WORLD NEWS
01/09/2018 12:11 am ET Updated Jan 09, 2018

North Korea Says It Will Send A Delegation To The Winter Olympics In South Korea

The move is a striking change following months of tension on the Korean peninsula.
Cho Myoung-gyon, South Korea's unification minister, left, and Ri Son Gwon, chairman of North Koreas Committee for the Peacef
Bloomberg via Getty Images
Cho Myoung-gyon, South Korea's unification minister, left, and Ri Son Gwon, chairman of North Koreas Committee for the Peaceful Reunification of the Fatherland, shake hands during a meeting in the village of Panmunjom in the Demilitarized Zone, Jan. 9, 2018.

North Korea will send a delegation of athletes and high-level emissaries to the 2018 Winter Olympics in South Korea next month, the two countries said Tuesday during their first formal diplomatic talks in more than two years.

“The North side proposed dispatching a high-level delegation, National Olympic Committee delegation, athletes, supporters, art performers, observers, a taekwondo demonstration team and journalists,” Chun Hae-Sung, South Korea’s vice unification minister, told journalists after the meeting, according to Agence France-Presse.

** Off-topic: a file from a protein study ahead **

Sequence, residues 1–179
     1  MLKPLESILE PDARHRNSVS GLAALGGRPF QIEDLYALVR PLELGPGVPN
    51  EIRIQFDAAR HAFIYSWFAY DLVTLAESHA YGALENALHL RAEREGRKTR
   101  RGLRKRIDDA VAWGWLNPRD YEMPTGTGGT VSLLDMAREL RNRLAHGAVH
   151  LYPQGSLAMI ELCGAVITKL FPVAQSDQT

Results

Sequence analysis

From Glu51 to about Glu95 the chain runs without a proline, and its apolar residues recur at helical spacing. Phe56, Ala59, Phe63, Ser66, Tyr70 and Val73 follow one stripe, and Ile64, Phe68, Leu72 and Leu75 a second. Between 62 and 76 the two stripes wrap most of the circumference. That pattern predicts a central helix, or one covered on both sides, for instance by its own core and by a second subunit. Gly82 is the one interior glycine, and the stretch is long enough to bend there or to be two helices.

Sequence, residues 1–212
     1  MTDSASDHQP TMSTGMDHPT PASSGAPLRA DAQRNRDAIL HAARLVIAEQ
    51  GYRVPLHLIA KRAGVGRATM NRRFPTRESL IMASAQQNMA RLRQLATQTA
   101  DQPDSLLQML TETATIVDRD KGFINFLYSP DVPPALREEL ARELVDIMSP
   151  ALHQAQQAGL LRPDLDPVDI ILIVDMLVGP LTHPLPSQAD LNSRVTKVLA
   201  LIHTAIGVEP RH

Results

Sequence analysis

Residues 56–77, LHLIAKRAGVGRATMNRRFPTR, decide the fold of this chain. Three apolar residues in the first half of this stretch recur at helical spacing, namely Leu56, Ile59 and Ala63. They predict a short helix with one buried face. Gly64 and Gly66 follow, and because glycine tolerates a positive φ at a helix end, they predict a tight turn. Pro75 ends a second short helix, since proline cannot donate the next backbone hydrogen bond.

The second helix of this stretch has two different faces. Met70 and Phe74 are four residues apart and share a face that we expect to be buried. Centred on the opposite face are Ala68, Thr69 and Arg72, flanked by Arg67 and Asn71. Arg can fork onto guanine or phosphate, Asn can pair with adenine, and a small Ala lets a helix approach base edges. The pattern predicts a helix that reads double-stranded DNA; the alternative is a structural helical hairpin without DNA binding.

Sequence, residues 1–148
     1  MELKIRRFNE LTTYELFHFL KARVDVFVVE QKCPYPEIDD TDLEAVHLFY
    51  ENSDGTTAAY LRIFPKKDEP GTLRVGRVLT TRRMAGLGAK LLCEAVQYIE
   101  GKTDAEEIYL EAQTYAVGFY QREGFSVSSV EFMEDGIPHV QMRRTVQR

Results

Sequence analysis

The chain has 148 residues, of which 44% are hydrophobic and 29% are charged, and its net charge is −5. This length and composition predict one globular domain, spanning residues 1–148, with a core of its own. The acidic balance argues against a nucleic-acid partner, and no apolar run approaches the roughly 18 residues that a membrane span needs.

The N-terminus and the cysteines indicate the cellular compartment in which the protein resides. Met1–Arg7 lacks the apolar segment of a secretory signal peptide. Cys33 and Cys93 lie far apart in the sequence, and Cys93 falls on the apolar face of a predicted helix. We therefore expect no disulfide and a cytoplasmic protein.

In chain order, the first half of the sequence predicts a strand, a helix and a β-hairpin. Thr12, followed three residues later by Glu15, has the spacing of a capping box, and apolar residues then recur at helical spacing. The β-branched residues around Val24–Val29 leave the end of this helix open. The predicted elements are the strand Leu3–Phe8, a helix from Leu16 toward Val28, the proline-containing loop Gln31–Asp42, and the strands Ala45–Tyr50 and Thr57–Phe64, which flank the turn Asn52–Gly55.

Tuesday’s talks, held in the village of Panmunjom near the Joint Security Area of the Demilitarized Zone, continued through the day following the announcement. South Korea asked its neighbor to halt acts that stoke tension on the peninsula in return for guaranteed peace in the region, the South’s unification ministry said. The North also reportedly finished restoring a military hotline with South Korea, Seoul said, after communications were cut in 2016.

South Korea has long sought to improve relations between the two countries, and seized on a New Year’s Day proclamation made by North Korean leader Kim Jong Un, who said he intended to work with the South to send a delegation of athletes to the Olympics in Pyeongchang.

Representatives from Seoul also said they hope the North Korean delegation will walk with the South under a joint flag during gate opening and closing ceremonies, according to Yonhap News.

The North’s participation in next month’s games will be its first winter showing in eight years. The country has sent athletes to every Summer Olympics since 1972, aside from two boycotts in 1984 and 1988. 

The New York Times notes the only athletes to qualify so far are a pairs figure skating team, but said the International Olympic Committee has been supportive of the North’s participation and volunteered to cover North Korean athletes’ expenses.

South Korea has also proposed military talks to help prevent accidental conflicts, and the country has proposed a reunion for families separated during the Korean War that would take place next month around the Lunar New Year.

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